A Cruel Man Delighting in Flowers

...the mildness to which men ... had yielded was only half of the intoxication of beauty, while the other half ... was of such surpassing and terrible cruelty—the most cruel of men delights himself with a flower—that beauty ... failed quickly of its effect... 

Hermann BrochThe Death of Virgil

 

Jeremy Davies is made of ink, but don’t dip a feather in him. It tickles. He once painted a fingernail black and no one really noticed. He was disappointed. He’s also an editor, a religious atheist, a liker of strong coffees, a Shakespeare-lover, a political anarchist and someone who rarely has a pen when he needs one. He has been a PhD candidate, a personal trainer, a life model, a bouncer, an infantry soldier and someone who rarely had a pen when he needed one. He has had words published in a variety of places, in a variety of publications, in a variety of forms, in a variety of moments: Canada, Wet Ink, SMS and twelve minutes past three in the afternoon being some of these. His first novel, 'Missing Presumed Undead', will be re-published by Satalyte Publishing in February 2014. A second is on its way.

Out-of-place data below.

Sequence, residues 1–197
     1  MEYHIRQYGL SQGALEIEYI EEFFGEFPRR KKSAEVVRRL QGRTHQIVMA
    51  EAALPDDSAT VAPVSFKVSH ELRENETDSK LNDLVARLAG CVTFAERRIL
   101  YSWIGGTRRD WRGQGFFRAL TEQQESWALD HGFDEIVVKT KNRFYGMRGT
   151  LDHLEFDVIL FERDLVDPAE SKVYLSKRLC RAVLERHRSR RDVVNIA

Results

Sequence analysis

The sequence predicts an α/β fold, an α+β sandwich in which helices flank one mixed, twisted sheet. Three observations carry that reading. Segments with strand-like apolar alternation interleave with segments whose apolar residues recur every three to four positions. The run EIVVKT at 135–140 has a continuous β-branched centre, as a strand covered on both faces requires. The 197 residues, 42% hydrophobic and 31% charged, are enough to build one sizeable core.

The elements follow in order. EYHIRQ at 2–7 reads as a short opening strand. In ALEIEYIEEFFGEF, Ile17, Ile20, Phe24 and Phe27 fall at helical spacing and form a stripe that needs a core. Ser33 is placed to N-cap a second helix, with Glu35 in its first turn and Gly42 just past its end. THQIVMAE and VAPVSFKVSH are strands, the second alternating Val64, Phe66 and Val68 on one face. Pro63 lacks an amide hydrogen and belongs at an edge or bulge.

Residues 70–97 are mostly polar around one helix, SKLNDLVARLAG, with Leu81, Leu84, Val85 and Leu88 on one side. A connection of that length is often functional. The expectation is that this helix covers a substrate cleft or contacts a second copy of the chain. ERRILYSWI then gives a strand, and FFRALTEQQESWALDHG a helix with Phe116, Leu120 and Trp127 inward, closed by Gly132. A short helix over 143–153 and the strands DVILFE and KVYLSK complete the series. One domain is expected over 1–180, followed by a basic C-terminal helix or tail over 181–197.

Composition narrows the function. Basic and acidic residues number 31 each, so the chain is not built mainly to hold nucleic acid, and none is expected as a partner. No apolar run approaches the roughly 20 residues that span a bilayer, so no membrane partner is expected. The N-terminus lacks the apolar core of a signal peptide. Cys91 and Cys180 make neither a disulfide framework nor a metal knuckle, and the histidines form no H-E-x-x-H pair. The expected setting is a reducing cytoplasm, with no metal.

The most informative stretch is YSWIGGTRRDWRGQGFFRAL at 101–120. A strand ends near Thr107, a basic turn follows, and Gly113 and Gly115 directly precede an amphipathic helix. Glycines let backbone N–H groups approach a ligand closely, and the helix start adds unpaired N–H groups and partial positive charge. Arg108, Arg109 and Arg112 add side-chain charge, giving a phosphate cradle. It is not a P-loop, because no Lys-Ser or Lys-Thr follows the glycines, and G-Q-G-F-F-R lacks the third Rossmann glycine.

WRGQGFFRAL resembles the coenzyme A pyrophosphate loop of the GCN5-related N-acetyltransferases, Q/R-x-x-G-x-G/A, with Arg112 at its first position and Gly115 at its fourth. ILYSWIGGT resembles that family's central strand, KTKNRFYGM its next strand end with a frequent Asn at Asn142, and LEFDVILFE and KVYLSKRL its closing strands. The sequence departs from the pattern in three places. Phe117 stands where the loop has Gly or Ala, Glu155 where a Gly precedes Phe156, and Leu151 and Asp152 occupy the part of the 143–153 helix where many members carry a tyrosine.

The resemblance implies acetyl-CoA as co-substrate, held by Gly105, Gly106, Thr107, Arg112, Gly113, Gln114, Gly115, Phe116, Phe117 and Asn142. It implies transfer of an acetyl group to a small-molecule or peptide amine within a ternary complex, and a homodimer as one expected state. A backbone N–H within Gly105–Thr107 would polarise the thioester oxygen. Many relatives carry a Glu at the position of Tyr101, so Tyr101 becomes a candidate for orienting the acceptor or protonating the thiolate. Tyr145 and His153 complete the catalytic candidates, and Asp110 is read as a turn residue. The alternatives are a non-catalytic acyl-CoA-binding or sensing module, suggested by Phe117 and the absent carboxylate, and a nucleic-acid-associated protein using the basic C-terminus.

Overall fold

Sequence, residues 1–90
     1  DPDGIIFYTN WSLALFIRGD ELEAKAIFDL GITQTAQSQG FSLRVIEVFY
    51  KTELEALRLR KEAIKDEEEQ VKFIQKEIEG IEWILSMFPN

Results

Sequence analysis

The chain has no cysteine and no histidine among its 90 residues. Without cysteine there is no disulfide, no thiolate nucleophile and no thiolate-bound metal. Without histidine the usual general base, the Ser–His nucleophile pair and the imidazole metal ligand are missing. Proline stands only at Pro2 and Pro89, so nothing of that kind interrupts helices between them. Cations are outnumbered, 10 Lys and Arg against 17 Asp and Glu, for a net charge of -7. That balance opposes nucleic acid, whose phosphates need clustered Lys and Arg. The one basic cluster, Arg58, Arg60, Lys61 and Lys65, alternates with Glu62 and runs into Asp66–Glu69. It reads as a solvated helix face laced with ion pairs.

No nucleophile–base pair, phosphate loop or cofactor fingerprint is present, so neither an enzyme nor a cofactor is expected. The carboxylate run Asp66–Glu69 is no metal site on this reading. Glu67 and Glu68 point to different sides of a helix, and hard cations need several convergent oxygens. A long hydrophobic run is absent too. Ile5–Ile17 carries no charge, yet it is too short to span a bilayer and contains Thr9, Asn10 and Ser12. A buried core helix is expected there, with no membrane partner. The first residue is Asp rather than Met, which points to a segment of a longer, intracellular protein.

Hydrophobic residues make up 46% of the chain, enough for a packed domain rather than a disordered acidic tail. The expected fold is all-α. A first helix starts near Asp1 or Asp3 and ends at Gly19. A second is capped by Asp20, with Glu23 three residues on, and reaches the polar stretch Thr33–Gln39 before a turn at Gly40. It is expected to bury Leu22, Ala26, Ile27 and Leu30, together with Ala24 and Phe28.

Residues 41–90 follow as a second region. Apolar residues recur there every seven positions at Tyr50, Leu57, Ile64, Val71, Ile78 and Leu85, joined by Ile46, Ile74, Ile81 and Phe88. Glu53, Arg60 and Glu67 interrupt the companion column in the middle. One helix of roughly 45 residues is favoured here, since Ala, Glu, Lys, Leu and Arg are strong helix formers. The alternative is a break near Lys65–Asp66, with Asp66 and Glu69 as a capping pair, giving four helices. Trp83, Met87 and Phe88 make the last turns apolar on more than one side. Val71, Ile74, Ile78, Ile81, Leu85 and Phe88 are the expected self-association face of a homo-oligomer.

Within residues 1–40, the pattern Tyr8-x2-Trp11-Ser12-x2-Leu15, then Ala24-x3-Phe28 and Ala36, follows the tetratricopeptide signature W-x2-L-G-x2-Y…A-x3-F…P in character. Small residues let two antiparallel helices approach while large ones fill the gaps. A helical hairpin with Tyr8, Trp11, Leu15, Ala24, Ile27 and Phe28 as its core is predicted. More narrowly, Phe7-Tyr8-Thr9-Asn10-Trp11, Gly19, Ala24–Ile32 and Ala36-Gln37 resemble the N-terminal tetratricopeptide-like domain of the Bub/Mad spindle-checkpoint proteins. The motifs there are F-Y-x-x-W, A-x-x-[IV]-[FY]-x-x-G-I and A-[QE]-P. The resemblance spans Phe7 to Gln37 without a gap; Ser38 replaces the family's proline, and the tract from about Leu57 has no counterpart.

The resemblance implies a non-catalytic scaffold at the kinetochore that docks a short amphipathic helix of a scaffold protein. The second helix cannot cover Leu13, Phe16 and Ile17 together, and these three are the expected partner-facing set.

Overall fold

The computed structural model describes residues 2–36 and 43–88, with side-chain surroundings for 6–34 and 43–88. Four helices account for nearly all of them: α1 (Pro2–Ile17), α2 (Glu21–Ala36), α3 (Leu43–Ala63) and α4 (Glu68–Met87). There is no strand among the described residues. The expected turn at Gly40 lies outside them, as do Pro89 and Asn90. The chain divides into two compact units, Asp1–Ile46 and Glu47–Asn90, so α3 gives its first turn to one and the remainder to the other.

The Language of the Unheard

The Language of the Unheard - John Falzon Disclosure: I work for Garratt Publishing as their Editorial Assistant, and this was one of the first books I worked on for them, but I still stand by my rating and comments below.

Falzon manages to achieve a great synthesis of substance and style with this book. His thesis, that the more socially exclusive a society becomes - the more volitile and uncivilized, is established through both anecdotal and observational prose; the 'punch' is driven by strong poetic framing to each chapter: 'The Dangerous Classes' being one of the best.

While I may have some argument with how aspects of 'the Unheard' is delineated along certain discursive lines, I have no argument with the central thrust and aesthetic energy.

While it may by set in Australian social terms, the milieu Falzon operates in professionally, it has a universal social message, as perhaps fore-shadowed by the title's play on a Martin Luther King quote.

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